Dr. Kriebel: Exploring Multifactorial Contributors to Disease Outcomes: Part I
Dr. Herbert: Exploring Multifactorial Contributors to Disease Outcomes: Part II
Dr. Bauer: Exploring Multifactorial Contributors to Disease Outcomes: Part III
Emerging science points to multiple and interacting factors that have the potential to disrupt developmental pathways and create susceptibilities to disease and disability. Acetaminophen, a commonly used over-the-counter medication, is already known to interfere with hepatic metabolism and is the leading cause of acute liver failure. Research suggests its toxicity may start at lower doses than previously recognized and have second-generation effects. Recent research has found that acetaminophen is also an anti-androgenic agent with the potential to affect the developing reproductive, immune and neurological systems. New studies suggest acetaminophen may be linked to the development of asthma and autism. Continue reading »
Aluminum is really nothing without the MERCURY!
Don’t miss this speech if you can understand German:
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1 Computer Science and Artificial Intelligence Laboratory, Massachusetts Institute of Technology, Cambridge, MA 02139, USA 2 Internal Medicine Group Practice, PhyNet, Inc., Longview, TX 75604, USA
* Author to whom correspondence should be addressed.
Received: 24 September 2012; in revised form: 16 October 2012 / Accepted: 5 November 2012 / Published: 7 November 2012
(This article belongs to the Special Issue Biosemiotic Entropy: Disorder, Disease, and Mortality)
Download PDF Full-Text [441 KB, Updated Version, uploaded 8 November 2012 16:12 CET]
The original version is still available [441 KB, uploaded 7 November 2012 08:37 CET]
Abstract: Autism is a condition characterized by impaired cognitive and social skills, associated with compromised immune function. The incidence is alarmingly on the rise, and environmental factors are increasingly suspected to play a role. This paper investigates word frequency patterns in the U.S. CDC Vaccine Adverse Events Reporting System (VAERS) database. Our results provide strong evidence supporting a link between autism and the aluminum in vaccines. A literature review showing toxicity of aluminum in human physiology offers further support. Mentions of autism in VAERS increased steadily at the end of the last century, during a period when mercury was being phased out, while aluminum adjuvant burden was being increased. Using standard log-likelihood ratio techniques, we identify several signs and symptoms that are significantly more prevalent in vaccine reports after 2000, including cellulitis, seizure, depression, fatigue, pain and death, which are also significantly associated with aluminum-containing vaccines. We propose that children with the autism diagnosis are especially vulnerable to toxic metals such as aluminum and mercury due to insufficient serum sulfate and glutathione. A strong correlation between autism and the MMR (Measles, Mumps, Rubella) vaccine is also observed, which may be partially explained via an increased sensitivity to acetaminophen administered to control fever.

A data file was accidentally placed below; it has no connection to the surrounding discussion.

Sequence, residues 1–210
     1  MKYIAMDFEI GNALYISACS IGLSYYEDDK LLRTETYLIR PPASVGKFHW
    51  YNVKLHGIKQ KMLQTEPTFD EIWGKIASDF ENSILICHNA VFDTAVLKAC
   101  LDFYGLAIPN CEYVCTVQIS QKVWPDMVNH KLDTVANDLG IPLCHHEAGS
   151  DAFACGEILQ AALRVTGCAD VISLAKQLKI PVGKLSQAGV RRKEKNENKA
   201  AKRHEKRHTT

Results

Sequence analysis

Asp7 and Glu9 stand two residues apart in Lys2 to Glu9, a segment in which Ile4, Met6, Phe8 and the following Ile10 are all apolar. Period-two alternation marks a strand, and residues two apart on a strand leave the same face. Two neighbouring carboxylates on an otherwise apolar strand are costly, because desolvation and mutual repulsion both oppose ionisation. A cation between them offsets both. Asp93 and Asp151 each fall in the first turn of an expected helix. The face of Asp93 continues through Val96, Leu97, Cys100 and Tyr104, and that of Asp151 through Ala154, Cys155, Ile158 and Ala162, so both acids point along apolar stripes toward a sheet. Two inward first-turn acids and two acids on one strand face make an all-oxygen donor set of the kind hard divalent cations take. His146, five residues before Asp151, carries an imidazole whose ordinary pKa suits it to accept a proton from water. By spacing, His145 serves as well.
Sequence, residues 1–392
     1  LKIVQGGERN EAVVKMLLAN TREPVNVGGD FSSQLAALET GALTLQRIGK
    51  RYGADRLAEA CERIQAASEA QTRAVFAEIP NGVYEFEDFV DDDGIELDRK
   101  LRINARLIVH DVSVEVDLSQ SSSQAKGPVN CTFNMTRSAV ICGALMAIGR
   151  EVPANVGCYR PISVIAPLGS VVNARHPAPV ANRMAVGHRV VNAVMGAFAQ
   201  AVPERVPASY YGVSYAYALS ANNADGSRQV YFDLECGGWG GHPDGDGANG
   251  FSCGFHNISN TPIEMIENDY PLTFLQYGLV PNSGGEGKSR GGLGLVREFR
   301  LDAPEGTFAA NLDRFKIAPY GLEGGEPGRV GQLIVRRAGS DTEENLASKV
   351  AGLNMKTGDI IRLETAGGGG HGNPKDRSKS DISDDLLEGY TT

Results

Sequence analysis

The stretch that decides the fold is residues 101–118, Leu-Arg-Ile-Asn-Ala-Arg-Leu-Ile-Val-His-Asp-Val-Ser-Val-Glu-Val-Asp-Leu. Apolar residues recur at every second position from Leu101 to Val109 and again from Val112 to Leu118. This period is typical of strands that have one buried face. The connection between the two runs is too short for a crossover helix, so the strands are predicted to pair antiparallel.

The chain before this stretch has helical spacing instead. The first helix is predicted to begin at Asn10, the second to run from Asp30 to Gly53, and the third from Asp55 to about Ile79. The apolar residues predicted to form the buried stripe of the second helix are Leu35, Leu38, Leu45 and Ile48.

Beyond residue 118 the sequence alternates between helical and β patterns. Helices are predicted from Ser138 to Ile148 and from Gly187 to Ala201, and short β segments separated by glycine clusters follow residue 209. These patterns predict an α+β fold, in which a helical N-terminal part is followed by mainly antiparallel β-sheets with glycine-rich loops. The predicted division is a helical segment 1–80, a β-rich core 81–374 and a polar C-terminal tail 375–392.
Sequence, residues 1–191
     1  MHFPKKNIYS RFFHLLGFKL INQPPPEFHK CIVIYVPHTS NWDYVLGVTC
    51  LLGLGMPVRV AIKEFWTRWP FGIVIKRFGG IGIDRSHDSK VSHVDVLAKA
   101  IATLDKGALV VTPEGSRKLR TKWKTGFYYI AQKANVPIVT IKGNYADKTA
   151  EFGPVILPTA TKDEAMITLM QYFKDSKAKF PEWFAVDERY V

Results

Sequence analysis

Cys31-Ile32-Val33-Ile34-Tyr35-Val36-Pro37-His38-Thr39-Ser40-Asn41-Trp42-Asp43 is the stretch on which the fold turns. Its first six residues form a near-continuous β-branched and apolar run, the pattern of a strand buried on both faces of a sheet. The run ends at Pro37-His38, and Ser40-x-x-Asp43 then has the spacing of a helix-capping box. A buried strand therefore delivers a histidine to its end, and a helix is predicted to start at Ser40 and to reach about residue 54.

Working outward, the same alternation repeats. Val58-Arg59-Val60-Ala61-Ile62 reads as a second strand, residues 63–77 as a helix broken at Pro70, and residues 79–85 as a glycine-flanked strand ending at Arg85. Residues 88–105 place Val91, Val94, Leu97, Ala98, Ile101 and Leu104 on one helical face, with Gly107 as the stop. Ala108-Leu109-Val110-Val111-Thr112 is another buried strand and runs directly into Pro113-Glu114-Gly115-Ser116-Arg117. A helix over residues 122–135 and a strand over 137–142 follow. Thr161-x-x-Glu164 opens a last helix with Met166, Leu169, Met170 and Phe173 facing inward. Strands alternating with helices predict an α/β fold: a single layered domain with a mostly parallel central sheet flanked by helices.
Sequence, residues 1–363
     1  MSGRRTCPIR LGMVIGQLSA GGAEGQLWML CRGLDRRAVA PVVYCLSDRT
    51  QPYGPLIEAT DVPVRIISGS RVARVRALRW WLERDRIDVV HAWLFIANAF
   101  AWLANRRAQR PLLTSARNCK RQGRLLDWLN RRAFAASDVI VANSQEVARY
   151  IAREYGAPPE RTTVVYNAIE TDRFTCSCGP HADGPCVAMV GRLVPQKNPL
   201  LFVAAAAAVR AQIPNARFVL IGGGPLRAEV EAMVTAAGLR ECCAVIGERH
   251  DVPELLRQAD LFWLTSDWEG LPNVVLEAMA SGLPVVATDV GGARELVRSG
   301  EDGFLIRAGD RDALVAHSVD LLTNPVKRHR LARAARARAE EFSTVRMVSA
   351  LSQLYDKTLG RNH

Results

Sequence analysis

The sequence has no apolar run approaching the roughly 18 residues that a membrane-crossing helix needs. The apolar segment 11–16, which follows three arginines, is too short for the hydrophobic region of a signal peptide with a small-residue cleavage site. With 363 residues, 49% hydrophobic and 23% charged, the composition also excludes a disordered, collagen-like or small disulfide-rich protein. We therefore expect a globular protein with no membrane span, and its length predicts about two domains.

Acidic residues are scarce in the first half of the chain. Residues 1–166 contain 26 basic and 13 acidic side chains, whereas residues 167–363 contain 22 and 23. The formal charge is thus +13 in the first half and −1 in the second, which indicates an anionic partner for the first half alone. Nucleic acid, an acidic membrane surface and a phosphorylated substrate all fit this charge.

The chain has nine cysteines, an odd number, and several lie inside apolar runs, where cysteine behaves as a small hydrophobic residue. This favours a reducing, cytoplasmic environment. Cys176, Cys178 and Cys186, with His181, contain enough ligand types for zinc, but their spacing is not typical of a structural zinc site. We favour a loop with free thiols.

BRITAIN’S most popular painkiller is at the centre of a major health scare over fears it can cause liver failure and death.
Health regulators are to limit the amount of paracetamol in prescription medicines because of soaring cases of liver damage.
Paracetamol – also known as acetaminophen – is highly toxic to the liver if taken in excessive amounts and even more dangerous at the larger doses found in prescription combination drugs.
But if taken with a second over-the-counter drug that already has high levels of paracetamol, it can kill. Paracetamol is often found in cold and flu medicines.
Now the US regulator, the Food and Drug Administration, has announced it will cap the amount of paracetamol in drugs at 325mg per capsule instead of the current 500mg.
Some prescription medicines in America contain as much as 750mg of paracetamol.
In Britain, prescription-only and over-the-counter paracetamol tablets are limited to 500mg.
People are warned not to take more than two 500mg pills in four hours and no more than eight in 24 hours. Taking more could lead to acute liver failure.
In some cases just 10g of the drug – or 20 tablets – has been linked to overdose and liver damage. Sudden liver failure, which can be caused by the drug, can lead to the brain rapidly swelling often giving doctors little chance to save people. Just days ago it emerged that ibuprofen painkillers cause an increased risk of strokes in heart disease sufferers.